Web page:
W3C home > Mailing lists > Public > public-webappsec@w3.org > May 2012

Re: Multiple Content-Security-Policy headers

From: Tanvi Vyas <tanvi@mozilla.com>
Date: Tue, 08 May 2012 13:05:48 -0700
Message-ID: <4FA97C9C.6080504@mozilla.com>
To: Adam Barth <w3c@adambarth.com>
CC: Daniel Veditz <dveditz@mozilla.com>, public-webappsec@w3.org
On 5/8/12 12:43 PM, Adam Barth wrote:
> On Tue, May 8, 2012 at 11:17 AM, Tanvi Vyas<tanvi@mozilla.com>  wrote:
>> Thinking about this a bit more, I like Adam's proposed method - take each
>> source through all policies, if a source is forbidden by any one of them,
>> the source is not allowed.
>> This method is more future proof and doesn't require the spec to specify
>> intersections per directive.  Suppose that in the future we have a directive
>> "fruit" with 2 possible values - "apples" and "oranges".  Neither directive
>> value is safer than the other, but one policy may have the value "apples"
>> and another may have the value "oranges".  Using this method, "apples" will
>> only be allowed if it passes all policies.  (The corresponding intersection
>> rule for this directive would then be to only include this directive in the
>> combined policy if it exists in all policies with the same value.
>>   Otherwise, don't include this directive at all.)
>> As far as implementation, browser vendors could decide (for performance
>> reasons) to create per directive intersection rules that would yield the
>> same behavior as this method.
>> One question - what would happen if the two policies had different
>> report-uris?  If we follow this heuristic, we wouldn't send any reports,
>> correct?
> Given two policies A and B, the current spec will send violations of
> policy A to any report URIs in policy A and any violations of policy B
> to report URIs in policy B.  We can loosen this up to make it
> permissible to send violations to all the report-uris if that's easier
> for you to implement.
> Adam
Let's discuss this on today's call.


>> On 5/7/12 6:07 PM, Daniel Veditz wrote:
>>> On 5/7/12 3:36 PM, Adam Barth wrote:
>>>> On Mon, May 7, 2012 at 3:29 PM, Tanvi Vyas<tanvi@mozilla.com>    wrote:
>>>>> Instead, what if we set precedence for different types of headers.  If
>>>>> firefox see's Content-Security-Policy and X-Content-Security-Policy, it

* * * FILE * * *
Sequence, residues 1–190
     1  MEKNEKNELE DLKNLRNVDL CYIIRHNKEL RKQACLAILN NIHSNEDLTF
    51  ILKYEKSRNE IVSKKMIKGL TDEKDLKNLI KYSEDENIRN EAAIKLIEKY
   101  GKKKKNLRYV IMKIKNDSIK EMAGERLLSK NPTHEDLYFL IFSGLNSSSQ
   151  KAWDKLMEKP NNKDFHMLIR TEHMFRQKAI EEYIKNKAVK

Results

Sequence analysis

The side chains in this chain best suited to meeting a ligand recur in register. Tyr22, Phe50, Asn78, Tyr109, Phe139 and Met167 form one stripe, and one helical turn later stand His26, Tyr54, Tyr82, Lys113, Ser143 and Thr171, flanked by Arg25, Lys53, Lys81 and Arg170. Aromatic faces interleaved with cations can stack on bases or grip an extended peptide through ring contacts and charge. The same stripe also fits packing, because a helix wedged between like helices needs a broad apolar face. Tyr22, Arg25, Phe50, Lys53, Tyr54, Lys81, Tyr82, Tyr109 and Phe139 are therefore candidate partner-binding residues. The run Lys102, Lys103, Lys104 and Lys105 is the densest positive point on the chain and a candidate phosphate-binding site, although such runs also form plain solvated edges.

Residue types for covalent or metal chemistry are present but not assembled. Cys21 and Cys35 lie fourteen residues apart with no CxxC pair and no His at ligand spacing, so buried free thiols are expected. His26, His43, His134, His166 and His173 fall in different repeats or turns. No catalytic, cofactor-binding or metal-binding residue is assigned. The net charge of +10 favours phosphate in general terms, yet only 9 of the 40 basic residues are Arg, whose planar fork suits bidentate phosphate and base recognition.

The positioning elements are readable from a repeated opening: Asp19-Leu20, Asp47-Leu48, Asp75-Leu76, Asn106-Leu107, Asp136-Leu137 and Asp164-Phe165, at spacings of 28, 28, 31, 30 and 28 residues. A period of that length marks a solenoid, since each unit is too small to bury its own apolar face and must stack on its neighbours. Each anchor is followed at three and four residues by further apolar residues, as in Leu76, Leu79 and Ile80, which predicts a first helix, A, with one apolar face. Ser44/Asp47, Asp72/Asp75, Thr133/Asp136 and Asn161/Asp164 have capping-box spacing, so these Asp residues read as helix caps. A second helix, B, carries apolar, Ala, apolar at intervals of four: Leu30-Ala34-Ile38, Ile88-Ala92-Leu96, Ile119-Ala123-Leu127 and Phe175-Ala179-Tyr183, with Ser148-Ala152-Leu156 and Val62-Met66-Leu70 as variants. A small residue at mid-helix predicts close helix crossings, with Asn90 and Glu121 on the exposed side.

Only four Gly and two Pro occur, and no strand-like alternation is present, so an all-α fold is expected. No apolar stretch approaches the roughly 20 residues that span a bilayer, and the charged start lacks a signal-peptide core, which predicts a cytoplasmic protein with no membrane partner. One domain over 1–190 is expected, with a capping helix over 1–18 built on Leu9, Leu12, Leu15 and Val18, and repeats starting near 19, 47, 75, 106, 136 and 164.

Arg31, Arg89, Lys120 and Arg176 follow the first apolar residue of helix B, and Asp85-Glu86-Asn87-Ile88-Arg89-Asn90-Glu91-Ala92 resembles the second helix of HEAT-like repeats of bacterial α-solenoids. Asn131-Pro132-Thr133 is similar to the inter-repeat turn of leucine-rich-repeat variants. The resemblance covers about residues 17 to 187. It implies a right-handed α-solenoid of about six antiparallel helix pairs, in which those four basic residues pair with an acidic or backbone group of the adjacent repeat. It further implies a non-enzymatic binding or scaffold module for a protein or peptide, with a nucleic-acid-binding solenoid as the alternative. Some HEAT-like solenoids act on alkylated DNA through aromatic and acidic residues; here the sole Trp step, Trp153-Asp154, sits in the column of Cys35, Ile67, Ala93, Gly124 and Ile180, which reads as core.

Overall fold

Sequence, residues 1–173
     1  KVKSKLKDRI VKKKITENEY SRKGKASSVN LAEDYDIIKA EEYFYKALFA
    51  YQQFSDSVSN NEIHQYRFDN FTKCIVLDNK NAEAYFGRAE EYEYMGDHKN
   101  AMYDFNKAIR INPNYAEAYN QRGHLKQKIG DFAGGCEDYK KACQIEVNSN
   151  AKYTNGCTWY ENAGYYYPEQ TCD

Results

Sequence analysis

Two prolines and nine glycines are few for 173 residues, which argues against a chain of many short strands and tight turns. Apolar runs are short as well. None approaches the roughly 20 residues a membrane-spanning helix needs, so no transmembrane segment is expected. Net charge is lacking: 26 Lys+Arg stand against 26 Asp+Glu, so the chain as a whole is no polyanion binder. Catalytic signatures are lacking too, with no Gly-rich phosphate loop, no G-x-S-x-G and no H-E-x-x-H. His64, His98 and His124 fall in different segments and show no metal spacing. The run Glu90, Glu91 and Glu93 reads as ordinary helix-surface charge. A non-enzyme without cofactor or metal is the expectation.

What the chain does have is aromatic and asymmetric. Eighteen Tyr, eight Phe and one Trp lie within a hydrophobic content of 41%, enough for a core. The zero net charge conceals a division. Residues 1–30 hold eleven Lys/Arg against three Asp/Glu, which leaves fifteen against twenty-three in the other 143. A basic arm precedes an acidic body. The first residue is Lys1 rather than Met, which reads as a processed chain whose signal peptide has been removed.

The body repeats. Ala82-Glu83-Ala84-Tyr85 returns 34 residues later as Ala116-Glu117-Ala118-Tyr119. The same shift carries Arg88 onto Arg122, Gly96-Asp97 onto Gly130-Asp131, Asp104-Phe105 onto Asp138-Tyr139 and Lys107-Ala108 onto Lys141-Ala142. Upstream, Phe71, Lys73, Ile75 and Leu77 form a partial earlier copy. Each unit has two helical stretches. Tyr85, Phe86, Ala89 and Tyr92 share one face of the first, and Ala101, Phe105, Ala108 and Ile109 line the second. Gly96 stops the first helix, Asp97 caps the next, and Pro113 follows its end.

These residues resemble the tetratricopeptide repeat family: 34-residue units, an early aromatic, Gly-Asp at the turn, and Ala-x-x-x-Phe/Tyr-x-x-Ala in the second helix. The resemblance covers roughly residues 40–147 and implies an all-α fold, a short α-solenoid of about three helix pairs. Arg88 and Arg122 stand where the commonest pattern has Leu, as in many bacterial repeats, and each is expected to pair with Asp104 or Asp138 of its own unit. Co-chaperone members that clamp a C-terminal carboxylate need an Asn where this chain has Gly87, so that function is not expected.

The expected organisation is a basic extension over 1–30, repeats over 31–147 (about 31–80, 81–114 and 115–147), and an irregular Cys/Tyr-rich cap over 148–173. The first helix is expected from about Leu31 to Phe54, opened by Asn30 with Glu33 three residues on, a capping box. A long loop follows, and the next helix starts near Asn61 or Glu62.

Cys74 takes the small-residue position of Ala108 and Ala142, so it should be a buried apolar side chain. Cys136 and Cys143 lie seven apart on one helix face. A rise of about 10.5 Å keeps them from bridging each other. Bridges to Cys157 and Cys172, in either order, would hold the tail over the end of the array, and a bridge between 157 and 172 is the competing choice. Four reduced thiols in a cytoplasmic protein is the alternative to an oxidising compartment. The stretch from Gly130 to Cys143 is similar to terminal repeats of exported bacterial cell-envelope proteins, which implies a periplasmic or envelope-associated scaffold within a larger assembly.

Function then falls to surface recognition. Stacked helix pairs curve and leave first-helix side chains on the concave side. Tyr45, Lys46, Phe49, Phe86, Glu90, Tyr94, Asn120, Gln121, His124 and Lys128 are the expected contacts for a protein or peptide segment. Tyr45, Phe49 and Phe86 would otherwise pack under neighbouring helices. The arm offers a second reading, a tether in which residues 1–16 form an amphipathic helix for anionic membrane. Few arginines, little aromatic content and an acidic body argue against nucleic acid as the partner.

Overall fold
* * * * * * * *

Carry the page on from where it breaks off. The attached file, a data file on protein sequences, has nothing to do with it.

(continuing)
>>>>> ignores X-Content-Security-Policy.  If Webkit sees
>>>>> Content-Security-Policy
>>>>> and X-WebKit-CSP, it ignores X-WebKit-CSP.  If either browser see's two
>>>>> of
>>>>> the same headers (2 Content-Security-Policy, 2
>>>>> X-Content-Security-Policy, or
>>>>> 2 X-Webkit-CSP), set the policy to default-src 'none'.
>>>> I'd rather not spec what implementations should do with
>>>> vendor-prefixed headers, if we can avoid it.
>>>> I guess I was mistaken.  I thought you and dveditz preferred that the
>>>> user agent combined multiple policies.  If you and Dan would prefer
>>>> that multiple Content-Security-Policy headers cause the user agent to
>>>> enforce default-src 'none', I'm happy to update the spec to require
>>>> that.
>>> We definitely prefer combined policies; it seems far more useful
>>> than default-src 'none'. Whether you apply each in series or try to
>>> intersect them for performance reasons is an implementation detail
>>> that should lead to the same result. We're fine having it specified
>>> that clients should behave "as if" they were combined that way.
>>> Whether the standard header should obsolete any experimental ones or
>>> combine with it is a separate issue and was the main thrust of
>>> Tanvi's mail. I've been assuming we'd obsolete the
>>> experimental/prefixed versions but you're not wrong that it might be
>>> useful for experimentation with future features. Probably better
>>> than prefixed directives, anyway.
>>> -Dan Veditz
Received on Tuesday, 8 May 2012 20:06:12 UTC

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